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Diversify Yourself: What I’ve learned from Young Adult literature

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A common occurrence readers of all ages experience at some point in their reading journeys is judgement for their preferred genre. Ever since eighth grade, I have read Young Adult (YA) books more than anything else. As someone involved heavily in the world of advanced classes, I feel that YA often gets a bad reputation when compared to classic novels, but I find that YA stories can teach me just as much about the world, life, and humanity as books written long before my birth. This is not to say that Shakespeare is pointless to the twenty-first century – older books (and plays) do make you think, teach valuable lessons, and help you learn to analyze literature to find deeper meanings. However, I want to prove that reading YA books does not always constitute as a “brain break”, and along with that I am going to recommend some of my favorite contemporary novels that can give you new perspectives on the world while also proving to be enjoyable pastimes.

A stack of YA books that all have valuable lessons and cute stories. Photo Credit: Serena Bettis

I think one of the most important elements that you can learn from by reading YA is how to function in the world. Most romance books I read generally follow the same plot line: girl meets boy (or girl, considering the entire point of this column is to read diverse books and it is 2018), girls befriends and falls in love, girl (or some outside force) does something to mess it up, usually because of some insecurity or secret, girl mopes, girl’s friend yells at her to fix everything, and girl learns how to solve problems and apologize to people and becomes a better person, and most everything ends happily. Obviously, the real world is not always like this, and I am not trying to kid myself by pretending that it is. Relationships do not usually get to start with meet-cutes (which is what makes the book, Meet Cute so adorable but so devastating), and sometimes things just cannot work out. The books I read, though, do recognize people as imperfect. They show that people make mistakes, that life is hard, that you can’t always get what you want. Yes, they do make everything work out in the end, and all the boys are good-looking, and the mean girls never succeed, but that’s not the point.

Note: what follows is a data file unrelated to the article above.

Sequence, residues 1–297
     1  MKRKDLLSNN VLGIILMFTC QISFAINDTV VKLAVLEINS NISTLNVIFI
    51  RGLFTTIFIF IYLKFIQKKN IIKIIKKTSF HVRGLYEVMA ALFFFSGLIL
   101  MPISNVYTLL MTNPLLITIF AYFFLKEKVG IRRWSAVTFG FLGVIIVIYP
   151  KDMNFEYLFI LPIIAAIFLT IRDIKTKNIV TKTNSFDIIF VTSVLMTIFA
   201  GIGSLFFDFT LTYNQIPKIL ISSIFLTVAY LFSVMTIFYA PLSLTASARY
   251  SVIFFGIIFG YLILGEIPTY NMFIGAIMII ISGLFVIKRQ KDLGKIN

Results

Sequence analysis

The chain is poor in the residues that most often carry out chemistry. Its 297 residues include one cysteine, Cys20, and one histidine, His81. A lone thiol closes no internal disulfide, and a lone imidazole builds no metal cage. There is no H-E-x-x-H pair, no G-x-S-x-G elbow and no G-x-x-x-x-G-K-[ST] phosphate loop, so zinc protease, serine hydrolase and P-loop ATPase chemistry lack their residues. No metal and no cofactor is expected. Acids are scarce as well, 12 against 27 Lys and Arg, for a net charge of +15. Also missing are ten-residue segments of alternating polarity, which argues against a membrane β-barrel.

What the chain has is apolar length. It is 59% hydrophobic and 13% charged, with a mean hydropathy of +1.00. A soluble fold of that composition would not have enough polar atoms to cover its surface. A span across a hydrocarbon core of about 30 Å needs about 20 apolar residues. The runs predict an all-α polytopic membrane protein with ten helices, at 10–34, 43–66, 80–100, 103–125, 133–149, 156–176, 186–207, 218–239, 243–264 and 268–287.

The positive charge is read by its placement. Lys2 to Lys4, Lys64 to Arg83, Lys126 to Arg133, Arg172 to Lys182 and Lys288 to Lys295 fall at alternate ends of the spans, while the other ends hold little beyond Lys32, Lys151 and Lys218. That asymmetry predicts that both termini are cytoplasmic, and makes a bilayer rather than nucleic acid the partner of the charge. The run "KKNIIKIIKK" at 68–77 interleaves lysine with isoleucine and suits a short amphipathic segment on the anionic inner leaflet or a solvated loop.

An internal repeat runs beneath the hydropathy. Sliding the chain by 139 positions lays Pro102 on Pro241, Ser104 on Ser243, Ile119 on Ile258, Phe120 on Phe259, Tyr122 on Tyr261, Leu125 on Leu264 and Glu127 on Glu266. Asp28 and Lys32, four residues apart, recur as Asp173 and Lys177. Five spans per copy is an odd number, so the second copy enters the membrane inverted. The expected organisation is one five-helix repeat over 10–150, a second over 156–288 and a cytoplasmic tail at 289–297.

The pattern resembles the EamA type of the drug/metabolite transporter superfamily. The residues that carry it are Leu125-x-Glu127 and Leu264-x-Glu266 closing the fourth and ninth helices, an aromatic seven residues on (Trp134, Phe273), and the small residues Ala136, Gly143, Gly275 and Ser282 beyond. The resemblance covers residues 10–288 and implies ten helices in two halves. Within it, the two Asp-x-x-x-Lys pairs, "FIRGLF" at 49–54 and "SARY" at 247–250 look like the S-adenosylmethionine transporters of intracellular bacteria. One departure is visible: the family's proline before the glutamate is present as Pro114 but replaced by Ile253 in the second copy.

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The beauty of these books lies in the fact that because everything works out well, you get to see how they fix the problem. The most realistic element is that people don’t wake up with their problems solved overnight, they have to work for it. When you read these, you may not always realize it, but if you enjoy the book, and you read enough, you can take the characters’ experiences with you to your own experiences. If you read Nina LaCour’s Everything Leads to You, you would remember that even when you are good at your job, your ideas don’t always work out, but you still have to keep a professional manner about you. When you read Tiny Pretty Things by Sona Charaipotra and Dhonielle Clayton, you understand the true dangers of jealousy and the value of real friendship. While learning from your own experiences is important too, readers can also learn from example with YA books, and sometimes that’s better than waiting for life to happen to you. Yes, making mistakes is a crucial part of growing up, but there are some things that are better to know beforehand than to regret afterward.